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One of the best ways to see Jerusalem is the Tower of David, a medieval citadel that houses an extensive museum on Jerusalem's history. While the name suggests a biblical connection, it is in fact a red herring first established in the Byzantine era. Muslims and members of the church both mistakenly attributed the Tower of Phasael from King Herod's era to David. Westerners further misconstrued ancient script by identifying a Turkish minaret from a mosque as the actual Tower of David, thereby resulting in its current designation as the tower. Yet, whatever tourists choose to call it, the citadel is a perfect physical and symbolic introduction to the city, both for its museum as well as its location near the Old City's historic entrance.
The permanent exhibition starts with the oldest evidence of Jerusalem's existence, which dates back to the second Millennium B.C., and ends with the declaration of Jerusalem as the capital of Israel. In addition to historical overviews, the museum is also home to constantly rotating temporary exhibitions covering both art and history. Past displays include a fashion design exhibition based on clothing of Jerusalem women throughout history, industrial design inspired by the city and a retrospective of Kaiser Wilhelm II's 1898 historic visit.
Come spring, travelers will also be able to see the development of medicine in the city throughout history. The exhibit will extend beyond the walls of the tower, as patrons follow a trail through the city that highlights the communal aspect of medicine in centuries past. Important stopping points include the Franciscan monastery, which was the first pharmacy in Jerusalem, and the Marienstift Kinderhospital - the first children's hospital in Asia, according to the museum's website.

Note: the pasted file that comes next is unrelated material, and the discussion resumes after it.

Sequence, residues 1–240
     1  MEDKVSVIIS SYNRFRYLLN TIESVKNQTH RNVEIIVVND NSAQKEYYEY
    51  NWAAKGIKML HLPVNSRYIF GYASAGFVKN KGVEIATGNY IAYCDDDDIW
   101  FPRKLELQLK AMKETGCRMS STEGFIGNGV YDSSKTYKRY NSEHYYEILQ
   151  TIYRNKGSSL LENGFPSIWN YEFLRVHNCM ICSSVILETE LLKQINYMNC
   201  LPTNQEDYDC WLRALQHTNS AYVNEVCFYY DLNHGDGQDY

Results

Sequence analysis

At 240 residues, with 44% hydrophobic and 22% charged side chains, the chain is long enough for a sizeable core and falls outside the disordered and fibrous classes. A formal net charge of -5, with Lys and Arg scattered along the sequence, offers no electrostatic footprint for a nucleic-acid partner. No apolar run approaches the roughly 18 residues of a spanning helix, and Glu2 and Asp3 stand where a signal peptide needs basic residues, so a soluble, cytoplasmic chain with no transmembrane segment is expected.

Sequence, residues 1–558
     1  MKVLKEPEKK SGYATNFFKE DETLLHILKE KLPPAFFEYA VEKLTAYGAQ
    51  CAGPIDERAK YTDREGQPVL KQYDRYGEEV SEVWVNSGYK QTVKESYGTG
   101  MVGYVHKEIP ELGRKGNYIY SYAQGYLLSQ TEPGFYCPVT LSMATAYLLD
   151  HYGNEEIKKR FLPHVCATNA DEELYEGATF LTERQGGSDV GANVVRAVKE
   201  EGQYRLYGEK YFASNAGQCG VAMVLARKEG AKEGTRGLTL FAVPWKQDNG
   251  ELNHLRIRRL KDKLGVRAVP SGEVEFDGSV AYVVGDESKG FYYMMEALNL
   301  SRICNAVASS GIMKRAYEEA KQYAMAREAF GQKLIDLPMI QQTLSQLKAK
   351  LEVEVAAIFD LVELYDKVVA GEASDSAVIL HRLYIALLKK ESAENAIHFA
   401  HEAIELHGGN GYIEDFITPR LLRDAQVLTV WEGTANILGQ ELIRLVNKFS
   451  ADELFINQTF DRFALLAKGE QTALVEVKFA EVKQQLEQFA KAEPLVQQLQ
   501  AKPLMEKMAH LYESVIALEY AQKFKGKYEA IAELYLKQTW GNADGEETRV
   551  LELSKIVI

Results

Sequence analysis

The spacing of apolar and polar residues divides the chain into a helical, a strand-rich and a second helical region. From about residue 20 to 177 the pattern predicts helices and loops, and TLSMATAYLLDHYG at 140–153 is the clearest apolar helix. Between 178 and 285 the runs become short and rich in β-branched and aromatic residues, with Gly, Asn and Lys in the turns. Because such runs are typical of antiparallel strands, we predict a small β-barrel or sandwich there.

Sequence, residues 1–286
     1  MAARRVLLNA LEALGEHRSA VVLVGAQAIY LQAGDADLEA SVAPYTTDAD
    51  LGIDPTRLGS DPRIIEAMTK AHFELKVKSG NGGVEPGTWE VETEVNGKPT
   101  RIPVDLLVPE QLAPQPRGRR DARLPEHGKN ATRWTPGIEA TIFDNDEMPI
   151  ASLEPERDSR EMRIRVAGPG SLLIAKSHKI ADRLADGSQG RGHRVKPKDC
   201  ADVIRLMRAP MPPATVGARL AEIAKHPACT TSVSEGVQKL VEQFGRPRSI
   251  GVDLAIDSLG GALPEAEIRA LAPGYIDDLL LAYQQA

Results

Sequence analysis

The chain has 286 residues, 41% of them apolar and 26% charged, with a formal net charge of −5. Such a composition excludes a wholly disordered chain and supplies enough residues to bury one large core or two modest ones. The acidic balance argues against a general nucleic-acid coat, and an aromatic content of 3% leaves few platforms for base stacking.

Getting a view
These excursions from the citadel provide an intimate look of the city. Yet, part of what makes the Tower of David such a worthy destination is the grand view it provides its visitors. A hike up tower steps reveals a panorama across both the Old and New City, as well as the Four Quarters, the Mount of Olives and Mount Scopus. The Judean Desert stretches beyond, with the Dead Sea far and away, but just visible.
Years to come
Trumpets supposedly brought down the walls of Jericho, but in Jerusalem, the culprit may just be earthquakes. Some of the world's most important geopolitical sites have been shaken by seismic activity over the years, prompting the Israeli government to take preventive measures against any potential damage, according to The Associated Press. Even so, travelers who have always wanted to visit the Holy Land may want to go now while those sites remain standing.
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